A communication link is established between a cable modem termination system (CMTS) 14 on the cable provider end of a hybrid fiber cable (HFC) plant 19 and a cable modem (CM) 20 on the customer premises end of the HFC 19. The CMTS 14 operates at a cable system headend and receives and sends IP traffic over the WAN 12 in one example using an Ethernet connection. Other types of network interfaces may also be used such as Dynamic Packet Transport/Resilient Packet Ring (DPT/RPR) or Packet-over-SONET/SDH (POS). Data is transferred from the CMTS 14 to the CM 20 over a downstream channel 16 and data is transferred from the CM 20 to the CMTS 14 over an upstream channel 18.

The cable network 8 is referred to as “narrowband” because a single radio frequency (RF) downstream channel 16 and a single RF upstream channel 18 are used over the HFC plant 19 for transferring data. The single downstream channel 16 supplies downstream IP connectivity to multiple cable modems 20 connected to the same cable plant 19. Each cable modem 20 demodulates and formats the downstream traffic for transport over IP network 21. Upstream IP traffic sent by the IP device 22 or 26 is modulated by the associated CM 20 onto the upstream channel 18 on the HFC plant 19. The CMTS 14 demodulates the signals on the upstream channel 18 and then sends the demodulated IP data to a device on WAN 12, such as device 10.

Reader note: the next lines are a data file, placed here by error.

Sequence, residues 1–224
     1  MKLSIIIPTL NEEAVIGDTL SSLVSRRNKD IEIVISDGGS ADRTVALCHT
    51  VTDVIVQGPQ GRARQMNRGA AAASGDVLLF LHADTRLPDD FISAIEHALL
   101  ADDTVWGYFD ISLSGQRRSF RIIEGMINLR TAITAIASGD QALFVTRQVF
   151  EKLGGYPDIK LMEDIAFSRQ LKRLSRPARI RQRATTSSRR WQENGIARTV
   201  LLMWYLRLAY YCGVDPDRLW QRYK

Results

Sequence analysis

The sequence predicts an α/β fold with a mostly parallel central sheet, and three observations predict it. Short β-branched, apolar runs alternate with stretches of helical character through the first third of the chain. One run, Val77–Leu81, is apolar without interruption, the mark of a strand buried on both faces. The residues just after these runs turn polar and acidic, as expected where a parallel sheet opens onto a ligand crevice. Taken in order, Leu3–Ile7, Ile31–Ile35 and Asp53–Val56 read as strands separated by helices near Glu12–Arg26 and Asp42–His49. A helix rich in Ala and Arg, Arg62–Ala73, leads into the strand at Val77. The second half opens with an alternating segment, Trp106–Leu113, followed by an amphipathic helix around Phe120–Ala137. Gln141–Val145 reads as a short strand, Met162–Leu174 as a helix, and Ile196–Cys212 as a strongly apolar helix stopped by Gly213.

FIG. 2 shows the internal elements in one of the narrowband cable modems 20. A diplexor 30 connects to the two-way HFC plant 19. The diplexer 30 separates the frequency spectrum for downstream channel 16 from the frequency spectrum for upstream channel 18. A radio frequency (RF) tuner 32 selectively outputs different baseband frequencies 36 to a DOCSIS narrowband cable modem integrated circuit (IC) 37. The baseband frequencies 36 are converted into digital signals by an analog/digital (A/D) converter 38 and then fed into a quadrature amplitude modulation (QAM) demodulator 40.

Both a DOCSIS media access controller (MAC) 46 and a central processing unit (CPU) 48 process the data output from the QAM 40. The MAC 46 is an open system interconnection (OSI) layer-2 element that provides DOCSIS framing and signaling. The MAC 46 frames the data into IP packets or frames that are then sent to the appropriate device 22 or 26 over Ethernet interface 52. Other data may be received or sent by the cable modem 20 over a universal serial bus (USB) connection 41 via USB interface 42.

Data received over Ethernet interface 52 is formatted for transport over the upstream channel 18 of the HFC 19 by the MAC 46 and then otherwise processed by the CPU 48. The formatted data is modulated by a QAM modulator 51 and then converted into analog signals by a digital/analog (D/A) converter 50. The output of D/A converter 50 is then amplified by an amplifier 56 before being transmitted by the diplexor 30 over the upstream channel 18 of the HFC 19. For clarity, the physical connections between the different functional elements 38-52 have not been shown.